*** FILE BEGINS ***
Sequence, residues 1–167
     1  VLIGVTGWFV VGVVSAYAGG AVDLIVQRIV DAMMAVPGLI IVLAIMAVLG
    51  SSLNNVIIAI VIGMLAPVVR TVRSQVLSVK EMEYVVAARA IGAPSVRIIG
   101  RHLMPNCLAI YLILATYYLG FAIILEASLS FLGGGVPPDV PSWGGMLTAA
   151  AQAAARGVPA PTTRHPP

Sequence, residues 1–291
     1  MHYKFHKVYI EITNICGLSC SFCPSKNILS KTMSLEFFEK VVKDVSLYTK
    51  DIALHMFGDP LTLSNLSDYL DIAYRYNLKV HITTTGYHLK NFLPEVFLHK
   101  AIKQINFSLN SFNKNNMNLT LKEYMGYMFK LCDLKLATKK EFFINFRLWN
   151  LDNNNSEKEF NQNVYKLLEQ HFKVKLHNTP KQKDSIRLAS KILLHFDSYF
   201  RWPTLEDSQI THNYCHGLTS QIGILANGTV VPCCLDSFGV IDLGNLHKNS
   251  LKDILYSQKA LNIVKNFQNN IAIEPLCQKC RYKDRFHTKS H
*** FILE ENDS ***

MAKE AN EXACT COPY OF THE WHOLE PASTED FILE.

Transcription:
Sequence, residues 1–167
     1  VLIGVTGWFV VGVVSAYAGG AVDLIVQRIV DAMMAVPGLI IVLAIMAVLG
    51  SSLNNVIIAI VIGMLAPVVR TVRSQVLSVK EMEYVVAARA IGAPSVRIIG
   101  RHLMPNCLAI YLILATYYLG FAIILEASLS FLGGGVPPDV PSWGGMLTAA
   151  AQAAARGVPA PTTRHPP

Sequence, residues 1–291
     1  MHYKFHKVYI EITNICGLSC SFCPSKNILS KTMSLEFFEK VVKDVSLYTK
    51  DIALHMFGDP LTLSNLSDYL DIAYRYNLKV HITTTGYHLK NFLPEVFLHK
   101  AIKQINFSLN SFNKNNMNLT LKEYMGYMFK LCDLKLATKK EFFINFRLWN
   151  LDNNNSEKEF NQNVYKLLEQ HFKVKLHNTP KQKDSIRLAS KILLHFDSYF
   201  RWPTLEDSQI THNYCHGLTS QIGILANGTV VPCCLDSFGV IDLGNLHKNS
   251  LKDILYSQKA LNIVKNFQNN IAIEPLCQKC RYKDRFHTKS H